Does the word 'God' with a capital G have a plural form?
This is not a problem of monotheistic preference.
When capitalised, the word god is a proper name. So from the pure grammatical point of view, it can have a plural form in the same way as John or Peter (credits to jgelacqua's comments)
It's like Yahweh or Elohim (actually this is a plural I believe - which shows that monotheism in the bible is a fuzzy notion).
"God" is a proper noun. While proper nouns can be pluralized in some cases, it is not very common, and especially not so with "God".
However, I can think of an example. Here is an example with the proper noun, "Bob":
How many Bobs would it take to beat up Charlie?
That is, if Bob could be copied and the copies could fight Charlie, how many would it take to beat up Charlie? This example can be revisited with the proper noun, "God":
How many Gods would it take to beat up Satan?
Sure, why not?
If I don't presuppose that the term refers to one Supreme Being, I can imagine that there are more Supreme Beings. Gods and Goddesses. Unsurprisingly, the word "Gods" does appear in writing. What about the Fates, the Graces, the Norns? Burger Kings or Targets or KwikMarts? What about Egyptians or Armenians, Tudors and Plantagenets, or Kochs or Kardashians?
An interesting construction I discovered on a Hindu information site is "Forms of God" (as well as "Forms of Goddess"). This is an interesting plural, for a presumably (but not necessarily) different God-concept.
I suppose it a philosophical, religious, and/or metaphysical question whether the capitalized "God" is a name, a description, an honorary label, or something else. The different possibilities don't change the fact that mechanically, you can pluralize God. Whether one does so or not will depend on the meaning of the of the name/symbol/label to that person or group.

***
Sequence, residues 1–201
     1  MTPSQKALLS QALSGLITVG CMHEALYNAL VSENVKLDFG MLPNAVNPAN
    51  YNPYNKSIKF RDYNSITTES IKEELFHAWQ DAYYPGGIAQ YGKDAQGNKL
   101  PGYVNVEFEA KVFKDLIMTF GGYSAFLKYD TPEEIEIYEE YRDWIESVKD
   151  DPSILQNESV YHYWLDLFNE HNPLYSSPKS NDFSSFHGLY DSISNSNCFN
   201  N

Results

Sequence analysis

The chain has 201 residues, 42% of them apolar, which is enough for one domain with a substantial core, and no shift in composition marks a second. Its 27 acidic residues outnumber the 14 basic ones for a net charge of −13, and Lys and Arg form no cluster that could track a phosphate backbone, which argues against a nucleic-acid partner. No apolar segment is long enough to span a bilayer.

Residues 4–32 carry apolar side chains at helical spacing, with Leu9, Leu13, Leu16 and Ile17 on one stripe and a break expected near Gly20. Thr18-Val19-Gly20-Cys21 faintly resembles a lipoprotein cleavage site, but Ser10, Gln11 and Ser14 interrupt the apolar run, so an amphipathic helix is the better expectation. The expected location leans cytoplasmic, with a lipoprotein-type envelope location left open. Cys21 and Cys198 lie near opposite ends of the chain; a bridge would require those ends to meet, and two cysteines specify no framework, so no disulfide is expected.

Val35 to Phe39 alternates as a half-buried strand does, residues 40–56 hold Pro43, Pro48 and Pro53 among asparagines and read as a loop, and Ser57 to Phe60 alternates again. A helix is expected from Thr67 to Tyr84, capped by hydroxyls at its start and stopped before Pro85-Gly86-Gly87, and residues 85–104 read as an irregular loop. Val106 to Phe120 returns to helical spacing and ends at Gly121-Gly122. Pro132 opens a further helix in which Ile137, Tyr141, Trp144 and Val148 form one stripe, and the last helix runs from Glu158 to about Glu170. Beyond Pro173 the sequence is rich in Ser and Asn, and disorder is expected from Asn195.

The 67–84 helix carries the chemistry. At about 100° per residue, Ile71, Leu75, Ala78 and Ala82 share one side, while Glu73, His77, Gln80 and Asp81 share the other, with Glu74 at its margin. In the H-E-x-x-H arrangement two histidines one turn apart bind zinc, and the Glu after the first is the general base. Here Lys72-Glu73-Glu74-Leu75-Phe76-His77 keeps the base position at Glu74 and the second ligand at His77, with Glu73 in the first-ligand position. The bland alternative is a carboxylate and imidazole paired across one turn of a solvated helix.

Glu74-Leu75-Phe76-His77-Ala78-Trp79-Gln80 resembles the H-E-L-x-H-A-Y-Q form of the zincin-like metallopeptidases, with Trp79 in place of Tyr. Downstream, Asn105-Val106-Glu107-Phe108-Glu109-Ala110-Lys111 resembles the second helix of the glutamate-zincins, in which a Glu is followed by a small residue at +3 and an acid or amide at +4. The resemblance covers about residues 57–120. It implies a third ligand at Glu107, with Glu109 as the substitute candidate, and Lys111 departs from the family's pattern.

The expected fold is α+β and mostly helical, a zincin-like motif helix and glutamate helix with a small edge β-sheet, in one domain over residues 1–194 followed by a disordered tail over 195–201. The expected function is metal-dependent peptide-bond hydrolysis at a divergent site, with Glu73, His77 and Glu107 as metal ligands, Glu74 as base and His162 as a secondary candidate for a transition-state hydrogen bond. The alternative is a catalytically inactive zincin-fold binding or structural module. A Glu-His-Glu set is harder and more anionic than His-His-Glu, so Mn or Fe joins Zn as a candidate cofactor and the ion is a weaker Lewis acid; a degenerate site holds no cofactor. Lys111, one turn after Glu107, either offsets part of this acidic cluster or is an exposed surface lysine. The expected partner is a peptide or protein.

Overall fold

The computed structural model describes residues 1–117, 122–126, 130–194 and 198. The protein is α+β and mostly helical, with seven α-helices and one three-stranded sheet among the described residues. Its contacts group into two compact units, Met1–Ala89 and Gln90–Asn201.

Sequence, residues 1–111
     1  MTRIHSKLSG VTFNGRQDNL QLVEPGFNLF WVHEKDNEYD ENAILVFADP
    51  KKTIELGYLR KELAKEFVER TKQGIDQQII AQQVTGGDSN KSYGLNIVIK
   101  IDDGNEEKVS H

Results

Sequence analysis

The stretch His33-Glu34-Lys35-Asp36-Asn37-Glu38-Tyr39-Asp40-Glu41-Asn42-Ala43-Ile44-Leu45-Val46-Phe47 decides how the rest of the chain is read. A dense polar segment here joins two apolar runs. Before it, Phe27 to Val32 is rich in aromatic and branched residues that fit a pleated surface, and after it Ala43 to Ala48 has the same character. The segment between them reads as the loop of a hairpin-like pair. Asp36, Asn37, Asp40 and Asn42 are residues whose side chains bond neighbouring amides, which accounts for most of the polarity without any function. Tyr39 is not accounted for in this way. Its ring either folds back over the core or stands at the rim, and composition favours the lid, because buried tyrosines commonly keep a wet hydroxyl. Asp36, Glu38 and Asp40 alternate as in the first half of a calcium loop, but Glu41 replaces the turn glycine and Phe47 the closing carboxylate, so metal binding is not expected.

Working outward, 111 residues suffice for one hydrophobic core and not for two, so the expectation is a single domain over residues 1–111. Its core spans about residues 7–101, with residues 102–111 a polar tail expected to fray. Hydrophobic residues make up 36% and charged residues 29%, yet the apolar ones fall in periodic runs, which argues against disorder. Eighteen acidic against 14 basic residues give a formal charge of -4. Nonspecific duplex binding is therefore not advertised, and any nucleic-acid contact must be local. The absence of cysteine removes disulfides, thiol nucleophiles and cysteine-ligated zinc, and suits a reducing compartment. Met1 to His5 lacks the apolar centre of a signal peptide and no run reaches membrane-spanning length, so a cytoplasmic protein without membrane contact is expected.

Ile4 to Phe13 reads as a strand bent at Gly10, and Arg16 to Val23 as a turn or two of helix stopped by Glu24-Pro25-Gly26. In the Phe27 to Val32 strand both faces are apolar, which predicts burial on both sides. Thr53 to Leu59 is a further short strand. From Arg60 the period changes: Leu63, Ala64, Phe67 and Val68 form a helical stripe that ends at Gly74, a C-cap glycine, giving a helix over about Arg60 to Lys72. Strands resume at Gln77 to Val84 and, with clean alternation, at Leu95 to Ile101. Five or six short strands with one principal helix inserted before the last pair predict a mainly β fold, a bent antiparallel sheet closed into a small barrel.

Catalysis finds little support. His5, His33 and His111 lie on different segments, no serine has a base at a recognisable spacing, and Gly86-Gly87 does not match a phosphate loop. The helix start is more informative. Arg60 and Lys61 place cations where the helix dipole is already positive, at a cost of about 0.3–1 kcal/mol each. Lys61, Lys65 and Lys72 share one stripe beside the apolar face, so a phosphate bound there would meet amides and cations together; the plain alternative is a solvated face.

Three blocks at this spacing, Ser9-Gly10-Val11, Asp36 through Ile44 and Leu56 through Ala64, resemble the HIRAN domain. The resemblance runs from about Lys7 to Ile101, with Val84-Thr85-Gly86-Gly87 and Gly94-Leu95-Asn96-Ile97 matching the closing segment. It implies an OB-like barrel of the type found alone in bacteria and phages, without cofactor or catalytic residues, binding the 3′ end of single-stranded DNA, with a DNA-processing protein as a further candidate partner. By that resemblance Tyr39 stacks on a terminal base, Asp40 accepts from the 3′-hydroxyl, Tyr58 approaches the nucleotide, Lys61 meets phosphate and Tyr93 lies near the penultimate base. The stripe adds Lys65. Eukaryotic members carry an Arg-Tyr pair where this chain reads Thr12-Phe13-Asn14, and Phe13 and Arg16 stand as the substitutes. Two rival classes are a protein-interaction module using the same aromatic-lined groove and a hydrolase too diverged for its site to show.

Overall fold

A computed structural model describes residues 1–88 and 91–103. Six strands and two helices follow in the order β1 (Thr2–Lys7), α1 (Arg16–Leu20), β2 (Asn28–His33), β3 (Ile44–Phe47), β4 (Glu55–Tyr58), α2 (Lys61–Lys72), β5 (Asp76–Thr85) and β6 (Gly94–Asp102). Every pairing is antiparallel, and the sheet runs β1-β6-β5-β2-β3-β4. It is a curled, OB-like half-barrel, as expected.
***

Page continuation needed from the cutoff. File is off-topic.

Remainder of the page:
It might be illustrative to compare it to something more unique than a person's proper name. While we expect there to be many Bobs and Johns, talking about "Gods" may be more like talking about "Englands" or "Swedens". Or "Princes" or "Madonnas"…
Grammatically sound, semantically a little strange, but possible. I suppose you could say things like "Traffic-wise, there aren't many Englands in this world" and "Stricture-wise, there aren't many Gods in religion".
Then again, people use "God" to refer to quite different concepts. I'm sure you could argue that two different persons' Gods (!) are as different as two different Bobs.
Interesting question. My intuition suggests that the convention is the capital 'G' is singular and reserved for monotheistic, Abrahamic religions and the lower-case usage is used in conjunction with other faiths which, it is of course assumed are polytheistic and therefore
I think of the sentence 'worshiping false gods so it sort of depends on the context. You'd never write '... our Gods' unless of course you were writing the speech for a